Etihad Airways said all of its thousands of pilots and cabin crew have now been vaccinated against Covid-19.
It said it was the first airline to hit the target.
Etihad was part of the UAE's Emergency Use Programme, in which hundreds of frontline staff were vaccinated as a priority by the health authorities.
The airline later secured approval for its in-house medical centre to become an accredited vaccination clinic.
“We proactively made the vaccine available to all our employees to not only help combat the effects of Covid-19 but to make travellers feel confident and reassured the next time they fly with us,” said its group chief executive, Tony Douglas.
“We are the only airline in the world to make Covid-19 testing mandatory for every passenger and crew member before every flight and now, we’re the first airline in the world with 100 per cent-vaccinated crew on board.”
Staff can now also receive the shot at mobile clinics at their workplace, and over 75 per cent of Etihad’s wider workforce have received at least one dose.
Dr Nadia Bastaki, vice president of medical services and corporate social responsibility, said the aim was to provide easy access to inoculation for its staff.
“Since December 2020, we have been offering in-house vaccination appointments to our employees and their loved ones to ensure we are focused on our employees’ wellbeing,” she said.
Country-wide vaccination rates
Governments globally are prioritising frontline staff in their vaccination programmes.
Dubai’s Emirates Airline rolled out their drive on January 18, with priority being placed on its frontline aviation workforce, including cabin crew, flight deck and other operationally focused roles.
Singapore also started its campaign to inoculate aviation and maritime workers in January.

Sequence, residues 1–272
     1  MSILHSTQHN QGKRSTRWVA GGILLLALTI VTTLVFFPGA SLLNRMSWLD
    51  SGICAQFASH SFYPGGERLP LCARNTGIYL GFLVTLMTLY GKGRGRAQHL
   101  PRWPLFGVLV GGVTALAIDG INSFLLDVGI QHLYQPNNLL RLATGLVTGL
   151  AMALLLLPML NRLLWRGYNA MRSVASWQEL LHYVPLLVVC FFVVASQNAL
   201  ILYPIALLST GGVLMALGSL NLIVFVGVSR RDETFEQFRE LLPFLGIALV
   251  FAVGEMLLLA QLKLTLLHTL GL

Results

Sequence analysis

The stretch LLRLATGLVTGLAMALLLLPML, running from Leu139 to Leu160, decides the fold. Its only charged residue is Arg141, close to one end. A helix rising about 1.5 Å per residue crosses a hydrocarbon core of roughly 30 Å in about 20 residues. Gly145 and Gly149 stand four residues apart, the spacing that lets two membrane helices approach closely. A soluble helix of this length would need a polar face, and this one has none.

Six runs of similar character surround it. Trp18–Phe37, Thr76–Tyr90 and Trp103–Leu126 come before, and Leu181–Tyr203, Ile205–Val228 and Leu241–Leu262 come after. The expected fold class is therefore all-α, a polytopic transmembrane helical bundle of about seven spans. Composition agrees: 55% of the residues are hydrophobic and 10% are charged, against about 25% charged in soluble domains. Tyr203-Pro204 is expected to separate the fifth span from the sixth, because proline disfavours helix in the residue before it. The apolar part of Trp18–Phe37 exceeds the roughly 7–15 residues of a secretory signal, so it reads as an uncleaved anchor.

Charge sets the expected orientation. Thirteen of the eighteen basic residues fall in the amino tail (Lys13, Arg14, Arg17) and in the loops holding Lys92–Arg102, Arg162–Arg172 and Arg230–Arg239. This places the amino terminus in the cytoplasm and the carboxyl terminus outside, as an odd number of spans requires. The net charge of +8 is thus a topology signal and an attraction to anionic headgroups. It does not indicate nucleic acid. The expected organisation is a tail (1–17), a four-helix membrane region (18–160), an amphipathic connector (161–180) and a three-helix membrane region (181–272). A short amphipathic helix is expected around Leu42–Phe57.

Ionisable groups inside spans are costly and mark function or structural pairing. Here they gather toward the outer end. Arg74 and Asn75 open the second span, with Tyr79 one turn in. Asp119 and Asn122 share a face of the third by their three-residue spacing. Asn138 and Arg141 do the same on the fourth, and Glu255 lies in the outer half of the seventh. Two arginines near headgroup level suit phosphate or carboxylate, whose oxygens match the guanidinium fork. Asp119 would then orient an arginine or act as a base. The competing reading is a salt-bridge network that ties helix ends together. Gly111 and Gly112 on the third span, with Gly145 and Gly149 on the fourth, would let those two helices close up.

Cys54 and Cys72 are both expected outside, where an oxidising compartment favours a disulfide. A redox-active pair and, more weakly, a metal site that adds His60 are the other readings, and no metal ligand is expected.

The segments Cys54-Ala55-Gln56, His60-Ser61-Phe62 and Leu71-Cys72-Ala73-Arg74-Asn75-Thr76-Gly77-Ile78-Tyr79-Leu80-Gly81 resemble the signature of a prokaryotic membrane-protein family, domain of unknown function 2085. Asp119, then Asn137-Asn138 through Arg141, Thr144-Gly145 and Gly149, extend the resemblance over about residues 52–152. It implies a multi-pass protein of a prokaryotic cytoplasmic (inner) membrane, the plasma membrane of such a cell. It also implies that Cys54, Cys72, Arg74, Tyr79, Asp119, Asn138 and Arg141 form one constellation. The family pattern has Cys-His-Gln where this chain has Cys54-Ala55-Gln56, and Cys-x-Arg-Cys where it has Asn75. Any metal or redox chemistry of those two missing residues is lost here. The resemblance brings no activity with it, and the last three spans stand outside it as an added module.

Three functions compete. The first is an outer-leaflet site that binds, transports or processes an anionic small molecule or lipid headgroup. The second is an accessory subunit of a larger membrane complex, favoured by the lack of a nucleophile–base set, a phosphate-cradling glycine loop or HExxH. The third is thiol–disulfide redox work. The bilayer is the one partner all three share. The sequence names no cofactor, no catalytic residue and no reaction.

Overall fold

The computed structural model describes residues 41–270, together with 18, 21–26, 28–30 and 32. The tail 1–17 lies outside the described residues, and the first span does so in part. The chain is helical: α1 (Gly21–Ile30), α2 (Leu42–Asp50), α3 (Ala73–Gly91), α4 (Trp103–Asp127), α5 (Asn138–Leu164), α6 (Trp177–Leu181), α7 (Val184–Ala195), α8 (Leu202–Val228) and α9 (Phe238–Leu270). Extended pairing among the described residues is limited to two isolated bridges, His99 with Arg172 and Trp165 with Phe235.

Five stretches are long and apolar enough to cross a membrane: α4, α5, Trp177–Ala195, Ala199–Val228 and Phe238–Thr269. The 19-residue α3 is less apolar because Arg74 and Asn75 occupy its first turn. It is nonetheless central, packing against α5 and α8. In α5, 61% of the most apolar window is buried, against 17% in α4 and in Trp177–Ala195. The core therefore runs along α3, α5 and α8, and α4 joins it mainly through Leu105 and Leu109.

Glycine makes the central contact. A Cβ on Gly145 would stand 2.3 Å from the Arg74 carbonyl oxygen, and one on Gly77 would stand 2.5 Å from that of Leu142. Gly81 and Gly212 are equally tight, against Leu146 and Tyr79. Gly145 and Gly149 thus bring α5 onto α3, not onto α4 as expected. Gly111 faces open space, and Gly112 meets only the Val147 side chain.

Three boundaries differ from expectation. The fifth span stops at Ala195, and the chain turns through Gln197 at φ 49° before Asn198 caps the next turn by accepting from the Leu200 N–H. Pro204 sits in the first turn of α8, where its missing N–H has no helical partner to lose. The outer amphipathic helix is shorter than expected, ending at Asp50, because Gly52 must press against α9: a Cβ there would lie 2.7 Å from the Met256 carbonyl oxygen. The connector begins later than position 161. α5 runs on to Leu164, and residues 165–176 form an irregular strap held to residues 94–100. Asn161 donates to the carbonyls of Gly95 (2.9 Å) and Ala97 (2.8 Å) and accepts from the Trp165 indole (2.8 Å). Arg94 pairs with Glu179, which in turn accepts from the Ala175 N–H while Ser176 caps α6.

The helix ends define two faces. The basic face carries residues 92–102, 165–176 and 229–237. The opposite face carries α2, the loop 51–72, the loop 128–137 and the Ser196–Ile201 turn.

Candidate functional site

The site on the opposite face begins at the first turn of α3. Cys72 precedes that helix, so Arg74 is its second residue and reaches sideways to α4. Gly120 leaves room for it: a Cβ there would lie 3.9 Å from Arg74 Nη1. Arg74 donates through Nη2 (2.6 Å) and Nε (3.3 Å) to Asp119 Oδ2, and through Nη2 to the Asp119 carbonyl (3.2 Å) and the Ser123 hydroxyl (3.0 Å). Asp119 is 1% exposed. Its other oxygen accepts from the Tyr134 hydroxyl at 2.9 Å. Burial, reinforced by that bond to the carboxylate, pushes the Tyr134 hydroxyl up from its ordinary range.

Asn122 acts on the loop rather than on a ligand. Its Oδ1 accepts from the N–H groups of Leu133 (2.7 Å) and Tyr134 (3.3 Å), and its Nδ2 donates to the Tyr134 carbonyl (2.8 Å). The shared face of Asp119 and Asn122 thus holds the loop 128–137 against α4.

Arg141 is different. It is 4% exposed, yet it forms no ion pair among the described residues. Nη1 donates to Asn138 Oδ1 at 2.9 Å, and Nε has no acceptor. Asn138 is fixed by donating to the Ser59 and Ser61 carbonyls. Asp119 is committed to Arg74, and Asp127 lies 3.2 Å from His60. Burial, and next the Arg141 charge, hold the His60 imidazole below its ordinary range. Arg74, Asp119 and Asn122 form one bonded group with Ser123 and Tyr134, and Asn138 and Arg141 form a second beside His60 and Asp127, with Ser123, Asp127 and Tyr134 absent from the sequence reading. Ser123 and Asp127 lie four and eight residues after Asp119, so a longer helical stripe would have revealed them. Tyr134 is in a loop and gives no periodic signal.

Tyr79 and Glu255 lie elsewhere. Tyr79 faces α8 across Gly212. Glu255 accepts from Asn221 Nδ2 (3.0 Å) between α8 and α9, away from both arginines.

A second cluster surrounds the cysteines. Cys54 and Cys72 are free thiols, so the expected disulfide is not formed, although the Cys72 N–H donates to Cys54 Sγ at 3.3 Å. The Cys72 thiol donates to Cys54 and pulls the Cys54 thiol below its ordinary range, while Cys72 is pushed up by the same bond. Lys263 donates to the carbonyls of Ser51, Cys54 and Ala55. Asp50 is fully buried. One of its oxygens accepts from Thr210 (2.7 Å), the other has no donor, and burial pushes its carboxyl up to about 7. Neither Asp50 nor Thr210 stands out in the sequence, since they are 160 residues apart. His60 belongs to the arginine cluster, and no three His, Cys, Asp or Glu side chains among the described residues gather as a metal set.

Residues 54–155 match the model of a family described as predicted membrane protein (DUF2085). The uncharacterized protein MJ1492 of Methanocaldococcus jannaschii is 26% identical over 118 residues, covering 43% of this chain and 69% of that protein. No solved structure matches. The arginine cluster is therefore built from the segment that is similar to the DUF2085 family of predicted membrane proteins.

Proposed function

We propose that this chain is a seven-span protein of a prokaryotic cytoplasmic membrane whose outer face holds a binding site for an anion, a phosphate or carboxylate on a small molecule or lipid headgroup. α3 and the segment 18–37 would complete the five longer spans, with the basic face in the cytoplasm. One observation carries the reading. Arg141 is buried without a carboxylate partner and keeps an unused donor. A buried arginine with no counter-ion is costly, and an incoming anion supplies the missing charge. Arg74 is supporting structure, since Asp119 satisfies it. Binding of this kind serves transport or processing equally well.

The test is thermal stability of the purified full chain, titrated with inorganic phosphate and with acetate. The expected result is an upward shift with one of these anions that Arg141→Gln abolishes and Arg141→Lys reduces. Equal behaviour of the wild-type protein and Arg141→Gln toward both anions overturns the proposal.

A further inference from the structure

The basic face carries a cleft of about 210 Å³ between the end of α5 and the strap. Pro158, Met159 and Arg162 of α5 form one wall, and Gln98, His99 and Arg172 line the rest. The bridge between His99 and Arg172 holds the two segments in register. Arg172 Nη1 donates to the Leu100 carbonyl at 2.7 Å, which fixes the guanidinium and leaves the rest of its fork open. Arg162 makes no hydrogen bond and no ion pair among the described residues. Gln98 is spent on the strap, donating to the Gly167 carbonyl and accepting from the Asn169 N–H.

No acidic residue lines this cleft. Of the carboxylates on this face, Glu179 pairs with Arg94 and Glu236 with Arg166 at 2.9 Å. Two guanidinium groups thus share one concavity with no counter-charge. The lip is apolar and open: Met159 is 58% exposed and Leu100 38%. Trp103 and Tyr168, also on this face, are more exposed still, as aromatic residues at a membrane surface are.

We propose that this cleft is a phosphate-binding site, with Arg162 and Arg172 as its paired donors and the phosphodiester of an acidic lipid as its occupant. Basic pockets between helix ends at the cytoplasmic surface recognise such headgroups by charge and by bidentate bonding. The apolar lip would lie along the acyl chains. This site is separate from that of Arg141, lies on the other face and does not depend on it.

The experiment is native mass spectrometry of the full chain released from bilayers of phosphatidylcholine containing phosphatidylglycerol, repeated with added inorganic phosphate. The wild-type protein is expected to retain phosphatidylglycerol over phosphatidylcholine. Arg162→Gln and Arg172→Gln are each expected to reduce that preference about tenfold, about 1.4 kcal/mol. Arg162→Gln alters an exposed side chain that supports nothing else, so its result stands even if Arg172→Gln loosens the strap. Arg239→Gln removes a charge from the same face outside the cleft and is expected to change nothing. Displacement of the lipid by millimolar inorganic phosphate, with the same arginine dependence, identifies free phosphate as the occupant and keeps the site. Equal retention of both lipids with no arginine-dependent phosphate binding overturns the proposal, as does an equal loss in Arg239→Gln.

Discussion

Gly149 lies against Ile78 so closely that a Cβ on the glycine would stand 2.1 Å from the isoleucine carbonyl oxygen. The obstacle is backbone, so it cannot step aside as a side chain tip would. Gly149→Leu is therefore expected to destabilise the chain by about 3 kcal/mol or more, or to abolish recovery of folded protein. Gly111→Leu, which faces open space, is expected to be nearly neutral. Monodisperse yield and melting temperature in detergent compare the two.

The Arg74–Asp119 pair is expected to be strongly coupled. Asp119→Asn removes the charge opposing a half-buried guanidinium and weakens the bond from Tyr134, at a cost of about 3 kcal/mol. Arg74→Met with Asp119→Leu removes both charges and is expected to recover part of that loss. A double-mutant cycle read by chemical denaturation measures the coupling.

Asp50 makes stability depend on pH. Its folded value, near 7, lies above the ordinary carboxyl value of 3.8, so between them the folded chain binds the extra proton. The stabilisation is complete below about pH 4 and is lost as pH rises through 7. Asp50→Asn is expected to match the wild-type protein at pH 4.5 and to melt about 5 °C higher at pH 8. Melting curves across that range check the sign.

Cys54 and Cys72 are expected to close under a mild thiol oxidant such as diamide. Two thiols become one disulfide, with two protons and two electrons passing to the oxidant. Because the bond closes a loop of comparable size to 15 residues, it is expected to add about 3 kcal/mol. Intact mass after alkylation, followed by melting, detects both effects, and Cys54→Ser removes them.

The Civil Aviation Authority of Singapore said it was giving priority to staff who may come into contact with travellers from overseas.
United Airlines’ chief executive Scott Kirby said he wanted to make Covid-19 vaccines mandatory for employees, but injections in the US are running behind schedule.
On Tuesday, another major Abu Dhabi employer, Adnoc Distribution, said all of its 7,500 petrol service station staff had taken at least one vaccine dose.
“Our employees have shown a proactive commitment and unwavering desire in fighting the spread of the disease,” said Ahmed Al Shamsi, acting chief executive.
“I am extremely proud of their dedication to always upholding the highest standards of HSE, and they are shining examples of how important it is for us all to work together against Covid-19.”
The UAE has one of the highest rates of inoculation, with a target of vaccinating half the population by the end of March.
More than 4.5 million doses of Covid-19 vaccine have been administered.
Dr Amer Sharif, head of Dubai’s Covid-19 command centre, said in an interview with Bloomberg that the goal was to hit 100 per cent in the final three months of this year.
At present, vaccination centres in the UAE are prioritising older people, those with chronic diseases and Emiratis until mid-March.
Residents who do not fall into any of these categories can still receive the vaccine if they make an appointment.
People who have already received the first dose should still receive their second shot as scheduled, within 28 days.